she sings about these things lightly and joyfully and says that she doesn’t care that these things have happened to her because oasis, (her favorite band) has sent her an autographed photo in the mail. and to make things even better (!!), her bitchy friend melissa, who told the whole school about the abortion, is really jealous.

if you cannot sense the irony in this song, you’re about two intelligence points above a kumquat.

then i made a video with michael pope that portrayed a VERY literal play-by-play of what was being related in the song. it also made sense to us.

now people in the UK are telling me that the song “makes light of rape, religion and abortion”.

can i simply state:

WHEN YOU CANNOT JOKE ABOUT THE DARKNESS OF LIFE, THAT’S WHEN THE DARKNESS TAKES OVER.

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Oakland Humor Makes Me Happy

Great post this week in The Poop on “Why I Love Oakland.” My favorites:

“Even though things can be messed up in Oakland, its residents have a scrappiness and resilience and general attitude that the town is worth fighting for.”

“You can have your Golden Gate Bridge and Coit Tower and Palace of Fine Arts. My favorite iconic Bay Area visual is the port cranes in Oakland. Beautiful and functional and badass, they almost look like they’re standing sentry to protect the city.”

“I do find it surreal to be a resident here, because the reputation is so much different than the reality. “

But the best parts…are the comments people made about Oakland. OMG:I was laughing out loud!

“I met my husband in Oakland and he’s a keeper.”

Don’t forget how living in Oakland helps you appreciate each day as though it might be your last

‘Ive been stabbed in the back and robbed at gunpoint in San Francisco. In Oakland I’ve only had my nose broken! Yay!

I love Oakland too…from the rear view mirror.

Why I love Oakland: A body of water separates it from San Francisco

i love oakland because it is OVER THEEERRRRRE>

Also, Oakland has this guy:

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Kate Cosby’s feature, “A Funny Thing Happened on the Way to the Clinic” is featured on RH Reality Check right now

Change.org

Huffington Post

RH Reality Check

Pandagon

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3-laughter-ussf-marchIf only we were on video conference. But it was just a phone call so I couldn’t see their faces when I said, “let’s do an issue on humor.” And, as usual, the editorial board of Our Truths-Nuestras Verdades took my idea and made it better. I am so proud to announce the latest issue of Exhale’s bilingual abortion zine: The Humor Issue.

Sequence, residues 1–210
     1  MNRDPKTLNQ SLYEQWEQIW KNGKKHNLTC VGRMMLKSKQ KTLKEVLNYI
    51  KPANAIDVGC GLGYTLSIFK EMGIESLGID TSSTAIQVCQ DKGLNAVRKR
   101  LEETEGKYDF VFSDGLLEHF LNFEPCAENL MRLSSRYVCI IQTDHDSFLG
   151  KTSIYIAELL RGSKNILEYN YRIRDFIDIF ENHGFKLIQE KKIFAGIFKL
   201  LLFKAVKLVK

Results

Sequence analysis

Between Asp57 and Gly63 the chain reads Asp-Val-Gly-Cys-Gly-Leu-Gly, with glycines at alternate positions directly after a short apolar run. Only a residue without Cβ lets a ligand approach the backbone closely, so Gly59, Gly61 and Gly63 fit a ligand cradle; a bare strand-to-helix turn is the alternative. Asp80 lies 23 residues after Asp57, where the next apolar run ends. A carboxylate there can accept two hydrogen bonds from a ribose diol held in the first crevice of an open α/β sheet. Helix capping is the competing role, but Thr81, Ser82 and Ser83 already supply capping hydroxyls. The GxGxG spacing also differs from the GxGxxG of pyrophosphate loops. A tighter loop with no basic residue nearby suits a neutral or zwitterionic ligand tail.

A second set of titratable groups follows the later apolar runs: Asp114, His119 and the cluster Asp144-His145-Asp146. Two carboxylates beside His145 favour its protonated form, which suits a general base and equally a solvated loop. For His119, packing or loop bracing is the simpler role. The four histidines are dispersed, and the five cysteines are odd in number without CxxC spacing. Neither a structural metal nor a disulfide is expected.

You can download the pdf here.

I like to think I’m funny. I imagine that if I was brave enough (OK, and well talented-enough), I would have gone down the sketch comedy road and followed in the footsteps of my hero Molly Shannon. Maybe I could have been the Kim to her Kath. But, alas I found another path and it happens to be a really serious one: supporting women around their abortion experiences.

This work has taught me many things, one of which is how uniquely people respond to shared circumstances. And for some people, including me, we respond to our situations with humor. We want to find something to laugh about and we use humor to make it all OK, at least for the moment. This isn’t just true for abortion. I remember how humor became the bellweather of our national healing process after 9/11. When Letterman could make a joke and the rest of could laugh guilt-free, we know we were on our way.

Humor does not have to take away the seriousness of an issue or diminish the deep feelings people can have around it. Humor is an important part of our lives and one more tool that we can use to support our own well-being. I knew that humor must be a part of some women’s abortion experiences and I wanted to find out more. So, we did.

Some interesting things happened along the way. When I told colleagues about our next topic, the most common response was “abortions not funny” or they sent material that was about making fun of one political side or the other. It was not easy to find out how to cover this issue in a way that wasn’t about poking fun or hurting feelings. As usual, women’s voices lead the way. We just printed them.

Probably the most poignant thing that happened was as we were working on this issue an anonymous woman started blogging about her pregnancy and abortion experience and the media quickly picked it up. However you may feel about her decision and her style – she told her story with a biting, sarcastic, and incredibly witty sense of humor. I knew there was bound to be other women out there who were eating it up and grateful for a public voice that sounds like their own private one. With her consent, we were planning to print a number of her posts and images in this issue, but the public consumption of her personal experience got to be a little much, and understandably, she changed her mind. Unfortunately, the blogger became a target: she was publicly outted and her and her family members received death threats. Her story grew – from what she experienced and how she talked about it – to how the world responded when she did. Chrissy Hyre delves in and chronicles what happens when a woman tells her frank and humorous truth about abortion.

There is much, much more, so I hope you read it cover to cover and comment with your thoughts!